While born and raised in Denmark, the kids love going back to England, as their extensive extended family from Irfan's side lives there. "And obviously, when they go to England, they are the guests, so they get spoiled rotten. They really love the culture of going out, shopping, and eating out a lot. My son told me the other day: I'm tired of Danish rules - I want to live in England because we eat fish and chips and relax. He doesn't realise there are schools there."
But the family life in Denmark differs from the English family structures. ""Here, the family values and how parenting is split up are more balanced. In England, it's still a bit traditional, where the breadwinner is the father, and the homemaker is the mother."
One of the biggest shocks for Irfan was sending his children to the nursery at mere nine months old. In England, mothers usually stay home with their kids until they are three. "I was really not ready for sending my son into a nursery when he was still in the 'goo goo ga ga' phase. I'd have to go in and hand over my son, my most prized thing in life, with a language barrier where the handover process was very much like 'værsgo' (here you go). If this man asked me for the keys to my car, I would think five times about it. But here I am, just handing over my baby for him for a day."
However, after suffering the initial shocks of the system, Irfan appreciates the system. "You can carry on with your own career. And we understand you need to leave at three to go and get your kids. In England, you really don't have that culture."
Having kids made Irfan want that work-life balance, too.
"You can't be available all day. You can't go and teach someone how to close a store every day. So one Saturday, I promised my kids I'd take them swimming. And then, I got the usual phone call - somebody is sick, somebody hasn't got the keys to enter the shop… And I have to drop my life and fix it; that's my job. But I thought: I can't do this anymore."
So instead, he decided to turn his attention to coffee and social responsibility in the business. And he wouldn't do it alone.
On a coffee forum, he bumped into his now partner Don Mousavi. He had just landed from the Middle East, been doing coffee projects, and now was asking general questions about coffee in Copenhagen. Irfan reached out, and they decided to meet. "We talked about coffee over the next two or three weeks - what's missing in this society and in the understanding of coffee, how the farmers are not getting the attention they should."
They were a perfect match - Irfan knew the operation side of coffee, and Don had the necessary coffee expertise.
They decided to supply coffee differently. Firstly, they wanted to choose the coffee source correctly, with farmers getting proper attention. "It's about giving Danes the background knowledge of coffee. The beans don't just land in the coffee shop - the story starts with the regional farmers. While it is 40 DKK a cup for us, they are getting paid peanuts for working all day, and a bad crop could mean total ruin. So we wanted to work on that, tell their story."
Irfan and Don also decided to only work with speciality coffee - the top 2% of coffee in the world - and only with single-origin coffees, not blends.
"I had a very good salary in my previous job. Then, I was headhunted by a commercial coffee chain to be their operations manager. I originally said yes to the job, but it was ethically not the right place for me to be. I don't just want to be in coffee; I want to make a difference in coffee."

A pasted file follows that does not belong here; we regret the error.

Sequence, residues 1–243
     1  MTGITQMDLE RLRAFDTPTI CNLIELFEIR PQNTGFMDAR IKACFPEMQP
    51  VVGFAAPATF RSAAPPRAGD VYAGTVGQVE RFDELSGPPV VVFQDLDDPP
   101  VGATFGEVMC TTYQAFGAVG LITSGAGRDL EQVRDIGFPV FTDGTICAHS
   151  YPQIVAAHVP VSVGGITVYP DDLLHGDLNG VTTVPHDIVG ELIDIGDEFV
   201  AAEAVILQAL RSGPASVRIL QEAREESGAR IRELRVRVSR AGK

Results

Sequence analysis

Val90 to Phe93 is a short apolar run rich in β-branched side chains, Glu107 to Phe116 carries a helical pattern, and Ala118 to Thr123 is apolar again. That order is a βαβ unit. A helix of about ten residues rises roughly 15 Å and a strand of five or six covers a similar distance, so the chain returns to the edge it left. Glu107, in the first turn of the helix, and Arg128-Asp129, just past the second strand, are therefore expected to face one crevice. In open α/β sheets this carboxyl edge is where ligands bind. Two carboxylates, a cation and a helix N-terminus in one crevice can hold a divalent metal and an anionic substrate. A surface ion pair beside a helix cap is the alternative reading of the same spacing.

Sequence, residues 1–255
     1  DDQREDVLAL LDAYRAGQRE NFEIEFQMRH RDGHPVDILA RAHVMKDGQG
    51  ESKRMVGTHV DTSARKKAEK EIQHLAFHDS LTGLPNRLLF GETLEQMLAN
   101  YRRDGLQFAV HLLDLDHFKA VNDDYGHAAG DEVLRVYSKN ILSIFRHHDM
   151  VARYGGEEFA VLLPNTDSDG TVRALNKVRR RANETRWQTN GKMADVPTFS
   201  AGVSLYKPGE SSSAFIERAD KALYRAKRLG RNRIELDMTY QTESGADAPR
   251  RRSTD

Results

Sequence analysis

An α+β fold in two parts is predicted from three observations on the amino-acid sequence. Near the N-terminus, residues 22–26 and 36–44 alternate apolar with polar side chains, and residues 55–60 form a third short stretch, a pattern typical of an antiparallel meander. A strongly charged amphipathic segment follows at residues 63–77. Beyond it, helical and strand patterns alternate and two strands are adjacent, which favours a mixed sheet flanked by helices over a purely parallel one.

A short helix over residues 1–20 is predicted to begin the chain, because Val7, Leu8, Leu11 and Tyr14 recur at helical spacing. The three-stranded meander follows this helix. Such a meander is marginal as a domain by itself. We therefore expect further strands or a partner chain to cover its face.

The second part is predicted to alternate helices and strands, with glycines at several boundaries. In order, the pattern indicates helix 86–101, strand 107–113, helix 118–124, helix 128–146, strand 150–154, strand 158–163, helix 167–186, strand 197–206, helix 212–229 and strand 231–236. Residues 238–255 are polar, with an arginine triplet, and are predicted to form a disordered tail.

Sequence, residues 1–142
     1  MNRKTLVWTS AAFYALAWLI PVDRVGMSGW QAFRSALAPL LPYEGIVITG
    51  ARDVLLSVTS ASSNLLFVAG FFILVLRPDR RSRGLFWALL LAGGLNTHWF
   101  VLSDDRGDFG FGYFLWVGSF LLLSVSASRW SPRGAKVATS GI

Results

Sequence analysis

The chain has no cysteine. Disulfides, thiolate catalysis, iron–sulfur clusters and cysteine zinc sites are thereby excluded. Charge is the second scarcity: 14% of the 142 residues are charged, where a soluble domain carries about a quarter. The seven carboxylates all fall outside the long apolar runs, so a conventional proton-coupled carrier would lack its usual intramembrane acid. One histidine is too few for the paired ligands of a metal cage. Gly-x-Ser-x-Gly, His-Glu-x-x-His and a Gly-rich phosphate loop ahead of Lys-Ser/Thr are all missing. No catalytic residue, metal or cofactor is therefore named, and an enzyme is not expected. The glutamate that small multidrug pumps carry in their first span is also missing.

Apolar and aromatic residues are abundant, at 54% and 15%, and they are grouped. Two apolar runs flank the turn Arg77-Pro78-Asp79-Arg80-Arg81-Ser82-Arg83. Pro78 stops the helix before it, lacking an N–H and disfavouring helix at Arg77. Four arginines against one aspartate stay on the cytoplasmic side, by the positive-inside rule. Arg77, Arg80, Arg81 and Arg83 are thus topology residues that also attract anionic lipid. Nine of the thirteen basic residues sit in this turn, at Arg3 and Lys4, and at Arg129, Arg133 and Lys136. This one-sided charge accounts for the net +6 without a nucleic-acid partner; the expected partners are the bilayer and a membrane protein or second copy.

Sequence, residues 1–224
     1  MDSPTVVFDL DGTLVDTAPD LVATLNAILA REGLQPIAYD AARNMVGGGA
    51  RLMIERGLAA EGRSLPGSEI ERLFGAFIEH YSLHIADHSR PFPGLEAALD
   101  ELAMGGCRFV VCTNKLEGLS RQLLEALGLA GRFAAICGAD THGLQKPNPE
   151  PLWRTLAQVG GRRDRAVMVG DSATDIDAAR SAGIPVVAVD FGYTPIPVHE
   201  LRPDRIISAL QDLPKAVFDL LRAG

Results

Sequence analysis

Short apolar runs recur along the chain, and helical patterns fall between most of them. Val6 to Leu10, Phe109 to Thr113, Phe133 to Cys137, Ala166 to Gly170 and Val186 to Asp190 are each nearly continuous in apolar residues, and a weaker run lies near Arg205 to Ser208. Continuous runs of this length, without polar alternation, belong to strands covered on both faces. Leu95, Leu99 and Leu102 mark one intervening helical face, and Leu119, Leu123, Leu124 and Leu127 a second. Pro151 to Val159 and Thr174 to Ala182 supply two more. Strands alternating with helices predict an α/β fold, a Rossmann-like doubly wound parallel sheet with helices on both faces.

Supporting your local
And they do! The social part of Social Brew is about three aspects. Besides social responsibility, there's the element of working locally: donating or helping out with local events or charities. And there's the importance of creating a good social environment for their staff. Irfan calls them his second family in the coffee world.
And in Denmark they are also in one of the best places to make that difference. Irfan laughs and says he never really pondered why Danes are so coffee-crazed. They rank high on the list of the world's biggest consumers. "And Danes like to support the small man, their local coffee shop instead of supporting the large chain stores."
Irfan's role is to look after the shop's operations - recipes, menu, developing relationships with external clients, and the day-to-day running of the store. "My wife tells me I talk to random people all the time. I'm from Manchester, and we're very much into small talk. I think she's weird because Danes are reserved, and she thinks I'm weird. I like talking to people, making them laugh, and giving them good service to feel valued. It gives me feedback and the energy to move forward. And I'm in a brilliant place to do all that in the shop."
While the past 10 years did not strictly adhere to the plan, Irfan is happy with the outcome. "The best thing I have in my life is my kids. I love being a father, being around them daily, and making things happen. I live close to the beach. The infrastructure is made for parenting. I wouldn't have it any other way."
"There are too many rules pushing you to fit into the box. I have a beautiful life, and I think Denmark has much to do with it. I wouldn't be able to have a small independent coffee shop in England. I'll take the positives - but hopefully, move on at some point. Life's too short to be living in one place. I don't think I can go back to the UK anymore either. So I'll move on. That's also a by-product of being an expat - once you've done it, it's easier to do it again and start all over."